As for pizza’s toppings, which were laid down in the proper order (cheese on the base followed by toppings, sauce and a sprinkling of parmesan cheese), they were substantial. 

The sauce, which was applied in a moderate layer (enough to completely cover that sneaky top crust) and sprinkled with parmesan cheese was pretty stellar. It was slightly chunky with a rich cooked tomato flavor augmented with a moderate amount of salt and seasoned with an Italian blend of spices. 

Based on both their size and texture, the mushrooms were fresh, but well cooked and seasoned with salt (if they happened to be canned, they were of high quality). The sausage was flavorful with a pleasant texture, though not as fennel-forward as some.  The pepperoni, on the other hand, was less compelling. It was very mild, thinly sliced and had a texture akin to the deli-style pepperoni you can buy at the grocery store.

And then there was the cheese. The crust sported a generous portion of cheese, which oozed out of the pie when sliced and offered a significant pull when slices were removed. Yes, this was a stuffed pie, indeed.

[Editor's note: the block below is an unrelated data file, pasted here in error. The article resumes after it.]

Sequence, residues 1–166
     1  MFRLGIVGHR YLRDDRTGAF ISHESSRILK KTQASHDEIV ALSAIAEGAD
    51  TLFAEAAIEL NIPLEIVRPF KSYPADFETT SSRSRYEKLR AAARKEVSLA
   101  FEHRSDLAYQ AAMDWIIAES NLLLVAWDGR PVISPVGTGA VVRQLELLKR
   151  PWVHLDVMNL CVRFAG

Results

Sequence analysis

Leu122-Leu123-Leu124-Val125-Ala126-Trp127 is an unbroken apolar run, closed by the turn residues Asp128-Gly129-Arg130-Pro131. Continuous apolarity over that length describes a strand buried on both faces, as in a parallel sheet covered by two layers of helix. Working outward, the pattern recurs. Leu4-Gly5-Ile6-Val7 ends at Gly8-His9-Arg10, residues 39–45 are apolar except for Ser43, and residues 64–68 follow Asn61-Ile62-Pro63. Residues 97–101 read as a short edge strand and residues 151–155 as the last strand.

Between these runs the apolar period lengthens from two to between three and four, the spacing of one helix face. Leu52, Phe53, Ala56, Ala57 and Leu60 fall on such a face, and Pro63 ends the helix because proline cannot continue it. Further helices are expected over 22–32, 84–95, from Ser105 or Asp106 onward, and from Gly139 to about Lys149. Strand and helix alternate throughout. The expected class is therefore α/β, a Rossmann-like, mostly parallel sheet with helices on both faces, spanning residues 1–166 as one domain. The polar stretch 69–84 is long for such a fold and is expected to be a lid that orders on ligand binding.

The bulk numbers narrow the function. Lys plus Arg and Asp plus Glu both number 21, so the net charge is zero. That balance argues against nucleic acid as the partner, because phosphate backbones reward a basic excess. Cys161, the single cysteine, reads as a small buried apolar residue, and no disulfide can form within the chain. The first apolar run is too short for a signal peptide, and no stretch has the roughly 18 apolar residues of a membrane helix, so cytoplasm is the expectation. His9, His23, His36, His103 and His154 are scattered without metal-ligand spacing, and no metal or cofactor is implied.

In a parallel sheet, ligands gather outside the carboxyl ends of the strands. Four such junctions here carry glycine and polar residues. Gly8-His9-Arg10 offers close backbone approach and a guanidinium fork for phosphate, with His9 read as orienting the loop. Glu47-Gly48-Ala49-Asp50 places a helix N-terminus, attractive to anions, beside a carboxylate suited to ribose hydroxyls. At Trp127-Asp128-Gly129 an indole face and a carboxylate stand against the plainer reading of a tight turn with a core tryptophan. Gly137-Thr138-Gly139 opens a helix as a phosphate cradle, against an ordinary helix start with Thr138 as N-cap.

Although I had to disqualify this pie from the classic Chicago-style deep dish category, it was tasty. In fact, it was among the better stuffed pizzas I’ve tried. If you like a deep dish pizza with a more bread-like crust, more sauce and more cheese, this is a good place to start.

Lori Fredrich Senior Writer & Dining Editor

Lori is an avid cook whose accrual of condiments and spices is rivaled only by her cookbook collection. Her passion for the culinary industry was birthed while balancing A&W root beer mugs as a teenage carhop, fed by insatiable curiosity and fueled by the people whose stories entwine with each and every dish. She’s had the privilege of chronicling these tales via numerous media, including OnMilwaukee and in her book “Milwaukee Food.” Her work has garnered journalism awards from entities including the Milwaukee Press Club. 

When she’s not eating, photographing food, writing or recording the FoodCrush podcast, you’ll find Lori seeking out adventures with her husband Paul, traveling, cooking, reading, learning, snuggling with her cats and looking for ways to make a difference.